NASA is pressing ahead on the agency’s long-sought vision of rocketing back to Earth pieces of Mars. A Mars Sample Return (MSR) campaign is now being orchestrated by NASA and the European Space Agency, a multi-spacecraft enterprise.

This fast-paced, multi-billion dollar endeavor is dedicated to hauling back planetary particulars from the Red Planet to our world in the early 2030’s.

Christopher Carr, an assistant professor within Georgia Institute of Technology’s School of Earth and Atmospheric Sciences once worked on Mars Sample Return at NASA’s Jet Propulsion Laboratory in the summers of 1999 and 2000.

“My first reaction after reading a stack of slide presentations was, you’ve got to be kidding, this is so complicated,” said Carr. “It turns out the complexity was and is highly driven by the requirement to have a low probability of releasing even a very small particle of Mars material into the Earth biosphere.”

Departure of Mars Ascent Vehicle carrying Mars samples.
Credit: NASA

Carr added that even back then the technology existed to provide simultaneous protection of precious samples and protection against release of Mars particles using the right series of isolators with differential pressures. 

“This is the kind of approach used, for example, in pharmaceutical manufacturing. It is not cheap and will require a specialized facility and specific work practices,” Carr said. This planetary protection burden he views as reasonable for legal, ethical, and moral reasons until we learn more about the risks, he advises.

Ultimately, Carr suspects such extreme measures will be unnecessary, in part because the surface of Mars today is uninhabitable to life as we know it. To date, he knows of no overlap between conditions required for replication and conditions present on the surface of Mars.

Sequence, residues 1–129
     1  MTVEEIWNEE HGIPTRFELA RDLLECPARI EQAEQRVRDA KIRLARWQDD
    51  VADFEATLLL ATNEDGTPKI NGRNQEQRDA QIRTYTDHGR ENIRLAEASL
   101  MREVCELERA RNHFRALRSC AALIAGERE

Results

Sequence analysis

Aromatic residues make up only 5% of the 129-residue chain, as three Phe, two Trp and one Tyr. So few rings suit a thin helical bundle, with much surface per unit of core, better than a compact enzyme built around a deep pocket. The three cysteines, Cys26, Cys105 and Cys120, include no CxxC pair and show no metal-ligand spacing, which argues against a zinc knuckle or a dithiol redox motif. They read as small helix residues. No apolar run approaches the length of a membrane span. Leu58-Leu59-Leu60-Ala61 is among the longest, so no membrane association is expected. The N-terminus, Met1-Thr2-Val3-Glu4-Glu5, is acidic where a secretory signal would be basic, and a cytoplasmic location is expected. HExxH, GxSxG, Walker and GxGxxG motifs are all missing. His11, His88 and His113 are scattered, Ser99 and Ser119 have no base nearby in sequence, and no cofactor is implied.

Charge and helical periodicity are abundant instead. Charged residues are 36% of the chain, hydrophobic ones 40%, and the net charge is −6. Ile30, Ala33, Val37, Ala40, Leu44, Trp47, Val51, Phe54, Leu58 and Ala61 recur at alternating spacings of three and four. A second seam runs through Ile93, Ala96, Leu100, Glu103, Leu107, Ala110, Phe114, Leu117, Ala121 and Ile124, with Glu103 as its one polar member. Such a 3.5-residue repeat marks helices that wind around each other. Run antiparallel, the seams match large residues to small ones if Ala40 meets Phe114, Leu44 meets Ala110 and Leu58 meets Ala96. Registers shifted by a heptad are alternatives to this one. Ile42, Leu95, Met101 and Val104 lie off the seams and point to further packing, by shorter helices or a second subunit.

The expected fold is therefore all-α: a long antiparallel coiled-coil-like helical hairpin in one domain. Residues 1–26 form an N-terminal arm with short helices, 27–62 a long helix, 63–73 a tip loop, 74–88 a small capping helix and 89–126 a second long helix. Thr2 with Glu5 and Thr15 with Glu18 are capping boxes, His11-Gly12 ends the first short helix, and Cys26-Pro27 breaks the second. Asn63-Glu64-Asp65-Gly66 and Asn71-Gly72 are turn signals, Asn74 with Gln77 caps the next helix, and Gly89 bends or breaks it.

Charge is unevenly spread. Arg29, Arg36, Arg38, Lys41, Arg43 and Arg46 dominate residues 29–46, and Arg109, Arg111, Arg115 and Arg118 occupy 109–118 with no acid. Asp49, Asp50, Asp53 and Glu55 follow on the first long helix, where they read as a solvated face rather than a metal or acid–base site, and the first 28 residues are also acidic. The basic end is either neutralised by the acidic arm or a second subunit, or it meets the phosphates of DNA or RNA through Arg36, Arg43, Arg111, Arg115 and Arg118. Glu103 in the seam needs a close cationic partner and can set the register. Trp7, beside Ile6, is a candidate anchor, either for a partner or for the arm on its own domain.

Uncontrolled mass experiment

“In contrast,” Carr continues, “there is a large overlap in the temperatures and pressures in the subsurface of Mars and the range of inhabited environments on Earth,” Carr said. “Earth also continues to receive Mars meteoritic material, although most of this arrives in the form of small particles that have been in space long enough to be sterilized.”

Mars: Home for past, perhaps present-day life? Credit: NASA

Carr tags the COVID-19 pandemic and variants as “an uncontrolled mass experiment in evolution” with a virus known to be hazardous to many and deadly to some. “In that context, the back contamination [from Mars] issue can almost seem like an academic exercise, and yet we do owe it to all humans to take reasonable precautions,” he said.

Safeguard our planet

Similar in view is astrobiologist Dirk Schulze-Makuch from the Technical University Berlin and the School of the Environment at Washington State University.

In his opinion, the danger from any microbes on Mars should be extremely small, “because there are naturally meteorites landing from Mars on Earth, and this has been going on for eons,” Schulze-Makuch notes.

“On the other hand,” Schulze-Makuch says, “Earth is our only biosphere and life line, so we have to do everything we can to safeguard our planet and its biosphere from any, even very small, risk,”

To ensure this, the construction of a specially designed Sample Receiving Facility on Earth to receive samples from Mars, Schulze-Makuch concludes, “should have already begun or at least start now right away.”